On Nutrition by Ed Blonz

Canola Oil Safe to Use

DEAR DR. BLONZ: I see so much info online stating that canola oil, also called rapeseed oil, is not fit for human consumption, even after manufacturers address the toxic substances found in the original seed. This information says not to believe the canola proponents, insisting that this oil can cause blindness and other severe health problems. What are your feelings on this? Could this be the initial stage of another trans-fat-like trend -- something that people should avoid now, rather than waiting for all the chips to fall? -- R.H., San Francisco

DEAR R.H.: Misinformation on the internet can be like a pesky weed that keeps coming back. An already-debunked item gets found by a search engine and passed around anew, forcing a replay of the “Who do you trust?” game. I am glad that you wrote, because we each have the responsibility to exercise due diligence and find out the facts before we spread a bogus message of fear to others.

One way is to use a search engine, searching for the term in question, coupled with the term “urban legend” in quotes. Another is to limit your search to academic sites (those ending with .edu) or ones known to be evidence-based, such as berkeleywellness.com (I am on their editorial board). You can find Berkeley’s take on canola myths at tinyurl.com/yd865u5k.

Doing these searches for “canola” would have filled your pantry with more rational takes on the anti-canola nonsense. There is nothing wrong with canola oil; it does not contain, nor represent, an impending “trans-fat-like” dark spot on our food supply.

DEAR DR. BLONZ: You had recently reassured a reader who questioned the safety of cooking raw chicken in a slow cooker. I have another question about my son’s method for cooking chicken on the grill. He puts frozen chicken breasts on the hot grill and cooks them for about 15 minutes, turning frequently. He believes that the meat stays juicier than if he started with thawed pieces. I have eaten his grilled chicken, which did, indeed, seem to be quite moist. It appeared to be adequately cooked; at least, I did not suffer any ill effects. But is this a safe method of grilling? -- G.T., Pinole, California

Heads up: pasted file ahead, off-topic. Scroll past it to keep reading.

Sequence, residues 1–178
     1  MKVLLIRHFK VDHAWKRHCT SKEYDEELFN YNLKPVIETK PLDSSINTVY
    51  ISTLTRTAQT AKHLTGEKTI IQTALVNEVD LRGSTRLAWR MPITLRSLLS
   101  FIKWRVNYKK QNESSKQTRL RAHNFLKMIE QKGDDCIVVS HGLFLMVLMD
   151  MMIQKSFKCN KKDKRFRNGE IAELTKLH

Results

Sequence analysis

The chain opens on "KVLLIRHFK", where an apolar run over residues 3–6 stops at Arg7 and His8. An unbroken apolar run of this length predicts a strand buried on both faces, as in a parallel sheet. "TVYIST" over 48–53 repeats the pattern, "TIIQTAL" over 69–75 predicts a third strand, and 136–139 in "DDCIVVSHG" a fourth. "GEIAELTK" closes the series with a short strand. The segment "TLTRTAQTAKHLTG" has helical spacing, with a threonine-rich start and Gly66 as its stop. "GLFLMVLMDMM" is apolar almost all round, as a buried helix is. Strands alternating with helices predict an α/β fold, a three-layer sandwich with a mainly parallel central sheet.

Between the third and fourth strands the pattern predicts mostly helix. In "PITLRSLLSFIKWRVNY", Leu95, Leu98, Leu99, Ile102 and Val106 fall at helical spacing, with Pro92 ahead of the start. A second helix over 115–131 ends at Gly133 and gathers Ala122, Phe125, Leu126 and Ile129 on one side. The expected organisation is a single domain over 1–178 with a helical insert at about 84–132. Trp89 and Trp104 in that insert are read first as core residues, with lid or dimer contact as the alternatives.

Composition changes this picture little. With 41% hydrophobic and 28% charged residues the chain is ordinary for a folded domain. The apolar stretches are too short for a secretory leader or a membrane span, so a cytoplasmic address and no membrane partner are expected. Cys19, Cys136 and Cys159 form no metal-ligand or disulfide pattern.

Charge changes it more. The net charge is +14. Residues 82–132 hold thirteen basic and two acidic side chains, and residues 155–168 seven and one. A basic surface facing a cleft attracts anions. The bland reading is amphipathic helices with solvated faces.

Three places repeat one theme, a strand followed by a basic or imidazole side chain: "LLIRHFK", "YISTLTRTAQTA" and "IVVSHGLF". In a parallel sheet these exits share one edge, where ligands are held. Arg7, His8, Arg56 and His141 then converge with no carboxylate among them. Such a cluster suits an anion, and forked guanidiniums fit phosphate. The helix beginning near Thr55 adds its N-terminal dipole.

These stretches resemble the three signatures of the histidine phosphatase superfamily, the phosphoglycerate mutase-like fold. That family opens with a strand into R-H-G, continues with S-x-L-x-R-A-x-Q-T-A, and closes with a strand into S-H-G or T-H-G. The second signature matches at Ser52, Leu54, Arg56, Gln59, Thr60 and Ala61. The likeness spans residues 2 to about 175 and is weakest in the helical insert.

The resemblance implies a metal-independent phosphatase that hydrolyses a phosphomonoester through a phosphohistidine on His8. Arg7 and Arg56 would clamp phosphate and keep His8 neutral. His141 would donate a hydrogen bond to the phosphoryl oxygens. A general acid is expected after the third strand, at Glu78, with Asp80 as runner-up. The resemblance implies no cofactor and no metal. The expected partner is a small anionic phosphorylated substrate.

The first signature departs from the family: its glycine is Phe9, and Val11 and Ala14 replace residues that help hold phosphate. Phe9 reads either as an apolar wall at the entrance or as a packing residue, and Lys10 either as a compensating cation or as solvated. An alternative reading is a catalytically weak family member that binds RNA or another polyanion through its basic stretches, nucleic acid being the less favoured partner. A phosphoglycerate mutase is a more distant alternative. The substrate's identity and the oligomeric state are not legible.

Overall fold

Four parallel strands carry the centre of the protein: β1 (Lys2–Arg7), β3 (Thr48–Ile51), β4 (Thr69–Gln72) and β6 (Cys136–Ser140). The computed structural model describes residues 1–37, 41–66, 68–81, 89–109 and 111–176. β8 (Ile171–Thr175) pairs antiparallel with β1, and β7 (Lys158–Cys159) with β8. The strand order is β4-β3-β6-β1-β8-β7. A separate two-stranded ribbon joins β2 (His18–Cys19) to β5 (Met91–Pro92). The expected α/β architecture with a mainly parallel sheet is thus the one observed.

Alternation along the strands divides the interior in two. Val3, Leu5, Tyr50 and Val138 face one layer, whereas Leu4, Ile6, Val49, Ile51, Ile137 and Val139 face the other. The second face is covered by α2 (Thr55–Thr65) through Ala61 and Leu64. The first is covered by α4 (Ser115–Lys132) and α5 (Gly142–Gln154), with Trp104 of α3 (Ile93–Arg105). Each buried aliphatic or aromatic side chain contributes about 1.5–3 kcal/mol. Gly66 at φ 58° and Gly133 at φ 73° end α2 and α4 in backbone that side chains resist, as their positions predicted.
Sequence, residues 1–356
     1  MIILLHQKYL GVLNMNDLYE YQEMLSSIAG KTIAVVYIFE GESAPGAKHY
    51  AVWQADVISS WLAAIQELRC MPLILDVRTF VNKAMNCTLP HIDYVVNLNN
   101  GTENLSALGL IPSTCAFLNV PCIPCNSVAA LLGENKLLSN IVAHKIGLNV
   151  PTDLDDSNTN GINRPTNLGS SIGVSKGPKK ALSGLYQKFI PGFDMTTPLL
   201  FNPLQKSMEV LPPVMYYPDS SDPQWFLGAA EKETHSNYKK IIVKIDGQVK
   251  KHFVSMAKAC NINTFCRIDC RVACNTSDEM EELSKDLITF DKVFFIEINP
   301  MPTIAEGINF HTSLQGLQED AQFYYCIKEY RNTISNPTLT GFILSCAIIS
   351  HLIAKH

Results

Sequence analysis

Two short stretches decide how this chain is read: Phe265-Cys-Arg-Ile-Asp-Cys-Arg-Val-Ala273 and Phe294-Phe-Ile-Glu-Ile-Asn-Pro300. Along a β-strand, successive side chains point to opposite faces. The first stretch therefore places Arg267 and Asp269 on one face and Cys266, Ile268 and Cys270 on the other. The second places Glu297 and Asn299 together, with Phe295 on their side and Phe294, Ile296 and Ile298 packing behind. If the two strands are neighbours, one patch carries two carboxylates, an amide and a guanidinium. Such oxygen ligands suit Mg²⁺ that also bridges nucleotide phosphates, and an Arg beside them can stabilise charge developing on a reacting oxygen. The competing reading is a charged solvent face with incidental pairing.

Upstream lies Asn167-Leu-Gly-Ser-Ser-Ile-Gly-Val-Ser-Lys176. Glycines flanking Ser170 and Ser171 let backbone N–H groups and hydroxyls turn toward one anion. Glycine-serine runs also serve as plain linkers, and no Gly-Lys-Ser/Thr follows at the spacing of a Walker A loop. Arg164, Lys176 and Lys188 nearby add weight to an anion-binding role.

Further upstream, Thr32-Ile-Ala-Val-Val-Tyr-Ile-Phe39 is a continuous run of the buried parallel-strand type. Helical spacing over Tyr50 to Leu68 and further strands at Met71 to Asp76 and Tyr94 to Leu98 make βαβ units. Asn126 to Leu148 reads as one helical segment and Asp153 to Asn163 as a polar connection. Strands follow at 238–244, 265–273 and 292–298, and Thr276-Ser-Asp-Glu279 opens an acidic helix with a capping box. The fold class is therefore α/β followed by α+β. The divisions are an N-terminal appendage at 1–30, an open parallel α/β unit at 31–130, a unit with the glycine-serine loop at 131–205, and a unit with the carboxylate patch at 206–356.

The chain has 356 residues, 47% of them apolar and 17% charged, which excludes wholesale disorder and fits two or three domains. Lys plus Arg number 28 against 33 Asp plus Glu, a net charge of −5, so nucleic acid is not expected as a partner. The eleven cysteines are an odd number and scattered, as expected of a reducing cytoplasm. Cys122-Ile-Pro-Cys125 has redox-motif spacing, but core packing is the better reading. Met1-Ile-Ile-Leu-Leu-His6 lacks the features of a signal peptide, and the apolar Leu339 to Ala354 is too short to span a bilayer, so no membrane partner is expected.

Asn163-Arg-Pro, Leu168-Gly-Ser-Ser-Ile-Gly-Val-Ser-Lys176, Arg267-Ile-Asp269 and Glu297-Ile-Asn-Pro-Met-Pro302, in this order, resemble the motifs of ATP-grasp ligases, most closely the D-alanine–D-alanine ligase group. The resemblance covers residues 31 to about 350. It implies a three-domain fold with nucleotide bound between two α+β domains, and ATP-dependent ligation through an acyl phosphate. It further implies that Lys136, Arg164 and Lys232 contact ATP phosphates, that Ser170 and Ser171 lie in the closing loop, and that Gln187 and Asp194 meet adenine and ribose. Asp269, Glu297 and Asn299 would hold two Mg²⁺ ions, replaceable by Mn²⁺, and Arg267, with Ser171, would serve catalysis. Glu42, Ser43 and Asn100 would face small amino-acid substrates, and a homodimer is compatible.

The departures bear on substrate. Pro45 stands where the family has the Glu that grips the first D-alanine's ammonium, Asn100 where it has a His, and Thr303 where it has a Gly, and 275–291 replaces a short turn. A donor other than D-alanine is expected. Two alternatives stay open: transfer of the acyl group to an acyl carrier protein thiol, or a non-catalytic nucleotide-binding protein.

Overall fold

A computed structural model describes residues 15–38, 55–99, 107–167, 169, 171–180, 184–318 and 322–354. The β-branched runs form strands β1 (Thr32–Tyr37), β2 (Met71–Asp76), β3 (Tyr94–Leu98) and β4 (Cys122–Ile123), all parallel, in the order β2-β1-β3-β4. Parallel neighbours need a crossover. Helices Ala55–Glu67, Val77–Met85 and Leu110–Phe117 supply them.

DEAR G.T.: It can be safe if done carefully, but I don’t see the advantage here. Your son, the chef, has to walk the line between an overcooked, leathery outside and undercooked meat at the center. The thicker the piece of meat, the smaller the gap between these extremes. It’s all a matter of timing and a quick hand on the flipper. Constant attention is the name of the game. Lowering the grill temperature can provide more time for the heat to penetrate. It would also help if you had a good meat thermometer, and a grill that allows you to cook with indirect heat.

It is best to check the meat before you eat, checking the thickest part of the largest pieces. Undercooked chicken has a translucent quality to it. Care is also needed to avoid under- or overcooking when you start with poultry at refrigerator temperature, but it is much easier than starting with frozen. The USDA information page on freezing and food safety is at tinyurl.com/y9axm7qd. Their recommended minimum temperature for cooked poultry is 165 degrees F.

Send questions to: “On Nutrition,” Ed Blonz, c/o Andrews McMeel Syndication, 1130 Walnut St., Kansas City, MO, 64106. Send email inquiries to questions@blonz.com. Due to the volume of mail, personal replies cannot be provided.